My father's side of the family hails from Elizabeth, New Jersey. As a kid we used to make the trip from Connecticut to Jersey at least three or four times a year.
The four of us--me, my parents, and sister--would pile into the station wagon and make our way to the highway--eventually. Papa Cat was a huge fan of winding, country back roads, and we'd spend a good 45 minutes on such roads before we even hit the highway. And when we did hit the highway, it was a two-lane road filled with nothing but trees.
We picked up 84 west in Waterbury, and would drive it to Danbury, where we picked up 684 west. Eventually we'd hit the Saw Mill Parkway, which led to 87 and 287, the highways that led to the Tappan Zee Bridge. That bridge was a childhood symbol of going to Jersey. I thought it was the ugliest bridge in the world. I still think it is. As we crossed the span, Sister Kitten would be crying the whole way because she was terrified of bridges--particularly that one. It's a fear that has stayed with her, and has only intensified now that the bridge is much older and in need of repair or replacement.
Anyway, we'd all breathe a huge sigh of relief once we made it over the Tappan Zee. We'd get off 87 and 287 to pick up the Palisades Parkway, and from there we picked up the New Jersey Turnpike.
I don't consider anyone to be an expert in highway driving until they have driven the New Jersey Turnpike. It is the most interesting road on the eastern seaboard. First of all, there's the traffic. We'd get on the NJT at Fort Lee, just as the other drivers were getting off the George Washington Bridge. Here is where a driver becomes proficient in the art of merging.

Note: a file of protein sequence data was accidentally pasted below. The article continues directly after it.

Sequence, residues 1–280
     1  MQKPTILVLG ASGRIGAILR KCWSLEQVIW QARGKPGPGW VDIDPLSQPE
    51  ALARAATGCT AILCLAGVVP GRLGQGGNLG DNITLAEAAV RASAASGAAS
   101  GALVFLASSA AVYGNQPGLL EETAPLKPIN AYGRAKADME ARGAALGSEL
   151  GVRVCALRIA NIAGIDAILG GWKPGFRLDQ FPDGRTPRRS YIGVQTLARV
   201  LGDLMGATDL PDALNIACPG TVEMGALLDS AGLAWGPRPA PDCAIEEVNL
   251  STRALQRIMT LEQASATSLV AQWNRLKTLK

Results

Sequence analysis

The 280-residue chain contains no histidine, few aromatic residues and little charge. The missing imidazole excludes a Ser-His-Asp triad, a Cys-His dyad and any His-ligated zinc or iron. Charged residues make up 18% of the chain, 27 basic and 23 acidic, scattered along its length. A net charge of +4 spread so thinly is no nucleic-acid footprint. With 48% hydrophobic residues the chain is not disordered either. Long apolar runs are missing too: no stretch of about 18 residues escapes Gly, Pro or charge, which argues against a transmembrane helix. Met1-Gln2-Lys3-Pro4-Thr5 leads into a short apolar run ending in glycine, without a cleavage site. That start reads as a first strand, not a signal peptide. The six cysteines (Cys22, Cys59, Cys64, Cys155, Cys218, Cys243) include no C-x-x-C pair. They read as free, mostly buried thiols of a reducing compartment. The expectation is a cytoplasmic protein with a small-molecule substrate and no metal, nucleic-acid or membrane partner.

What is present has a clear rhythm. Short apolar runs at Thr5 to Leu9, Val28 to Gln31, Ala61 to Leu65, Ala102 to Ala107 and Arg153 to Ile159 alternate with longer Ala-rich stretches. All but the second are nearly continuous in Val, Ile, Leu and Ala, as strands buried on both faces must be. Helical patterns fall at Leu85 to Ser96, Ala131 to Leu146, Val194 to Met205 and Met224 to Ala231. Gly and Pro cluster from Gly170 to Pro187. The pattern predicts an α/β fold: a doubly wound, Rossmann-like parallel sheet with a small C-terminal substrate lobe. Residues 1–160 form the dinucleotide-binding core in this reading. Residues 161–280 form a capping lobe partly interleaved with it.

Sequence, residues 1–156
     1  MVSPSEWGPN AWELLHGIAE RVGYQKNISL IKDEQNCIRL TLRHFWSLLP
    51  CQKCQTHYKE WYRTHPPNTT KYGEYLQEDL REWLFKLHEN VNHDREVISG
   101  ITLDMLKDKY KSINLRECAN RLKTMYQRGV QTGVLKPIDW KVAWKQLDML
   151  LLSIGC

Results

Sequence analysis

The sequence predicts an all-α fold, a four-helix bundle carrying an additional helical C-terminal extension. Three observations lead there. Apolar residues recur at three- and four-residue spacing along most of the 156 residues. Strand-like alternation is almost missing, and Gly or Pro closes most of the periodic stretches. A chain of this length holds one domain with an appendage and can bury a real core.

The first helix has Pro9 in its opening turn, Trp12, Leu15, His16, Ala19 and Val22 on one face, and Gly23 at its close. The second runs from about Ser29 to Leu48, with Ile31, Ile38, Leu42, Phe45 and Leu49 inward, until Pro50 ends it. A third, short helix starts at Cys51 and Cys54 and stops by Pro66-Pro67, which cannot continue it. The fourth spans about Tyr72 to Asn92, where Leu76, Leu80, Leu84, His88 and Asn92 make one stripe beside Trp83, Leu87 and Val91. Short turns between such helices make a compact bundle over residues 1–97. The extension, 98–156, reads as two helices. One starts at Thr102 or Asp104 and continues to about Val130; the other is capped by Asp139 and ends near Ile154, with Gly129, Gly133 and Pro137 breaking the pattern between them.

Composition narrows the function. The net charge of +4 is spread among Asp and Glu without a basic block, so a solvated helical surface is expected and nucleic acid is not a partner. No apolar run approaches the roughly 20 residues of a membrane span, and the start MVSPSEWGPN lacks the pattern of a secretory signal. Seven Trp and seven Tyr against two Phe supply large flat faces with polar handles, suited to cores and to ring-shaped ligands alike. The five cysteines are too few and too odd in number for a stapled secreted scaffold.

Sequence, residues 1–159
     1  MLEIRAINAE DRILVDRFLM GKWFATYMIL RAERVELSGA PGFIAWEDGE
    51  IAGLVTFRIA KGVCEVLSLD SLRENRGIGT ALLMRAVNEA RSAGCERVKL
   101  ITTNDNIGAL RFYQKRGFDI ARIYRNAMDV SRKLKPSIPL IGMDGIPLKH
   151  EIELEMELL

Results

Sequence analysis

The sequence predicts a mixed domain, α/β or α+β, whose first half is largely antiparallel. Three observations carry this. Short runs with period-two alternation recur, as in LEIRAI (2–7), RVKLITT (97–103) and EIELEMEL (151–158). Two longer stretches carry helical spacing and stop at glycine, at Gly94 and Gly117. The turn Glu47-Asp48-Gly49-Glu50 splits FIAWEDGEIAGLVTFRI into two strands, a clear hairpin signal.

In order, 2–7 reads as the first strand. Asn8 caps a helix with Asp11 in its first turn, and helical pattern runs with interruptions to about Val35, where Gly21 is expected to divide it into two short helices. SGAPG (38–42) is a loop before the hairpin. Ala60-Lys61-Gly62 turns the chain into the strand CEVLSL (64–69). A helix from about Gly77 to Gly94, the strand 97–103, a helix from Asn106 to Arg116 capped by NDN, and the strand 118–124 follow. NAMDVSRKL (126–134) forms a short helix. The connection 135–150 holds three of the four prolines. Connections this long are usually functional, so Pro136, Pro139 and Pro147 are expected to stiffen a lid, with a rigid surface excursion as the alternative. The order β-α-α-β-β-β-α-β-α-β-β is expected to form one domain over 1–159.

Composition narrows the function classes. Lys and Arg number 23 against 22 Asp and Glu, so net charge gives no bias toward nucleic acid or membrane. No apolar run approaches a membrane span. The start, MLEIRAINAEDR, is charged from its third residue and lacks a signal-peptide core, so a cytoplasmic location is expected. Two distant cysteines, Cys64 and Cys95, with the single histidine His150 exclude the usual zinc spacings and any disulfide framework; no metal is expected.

Then there are the sights along the way. As you travel south, to your left, you get this amazing view of the Manhattan skyline. We loved looking for the Twin Towers (RIP), the Empire State Building, and especially the Statue of Liberty. To your right, there's...well, it's not a pretty sight. There are landfills, more highways, and lots of litter. That's about the best I can describe it. So as you drive down the NJT, and you see all of this, your goal is not to get distracted by everything.
And let's not forget about the Meadowlands, kittens. Yes, those Meadowlands, home of Giants Stadium, the New Jersey Nets, and the New Jersey Devils. Never travel southbound on the NJT on game day. Consequently, never travel northbound if there's a Yankee game, as hundreds of cars pile into the Bronx, causing major traffic jams getting on to the GWB.
Finally, there are the factories. At our exit, there was this huge oil refinery with a flame coming out of it. Papa Cat used to ask us if we thought the flame was pretty. That was our signal that we were ten minutes away from our grandparents' house.
My grandparents lived on the bottom floor of a two-family house--the same house where Papa Cat and his brother grew up. They owned it, and rented the top floor out. It was a one and a half bedroom apartment. You'll find out why I say this in a minute. Their living room had this white couch with a strange green, orange, and brown swirl pattern on the cushions. My grandmother ordered the couch in 1973, and had custom-made plastic covers over the entire thing. I hated sitting on it during the summer, when the heat from my legs would cause them to stick to the plastic.
Sleeping arrangements were tight. My grandparents had the one bedroom. My sister and I slept on a really tiny fold-out couch in the half bedroom, which was really a walk-in closet/storage space. We never slept well on that couch for two reasons: 1. There was a big metal bar in the center of the matress (which was really thin and flimsy), and 2. My grandmother, in later years, could not fall asleep without the TV on. She was hard of hearing, and kept the volume LOUD. Meanwhile, my parents slept on the fold-out couch in the living room.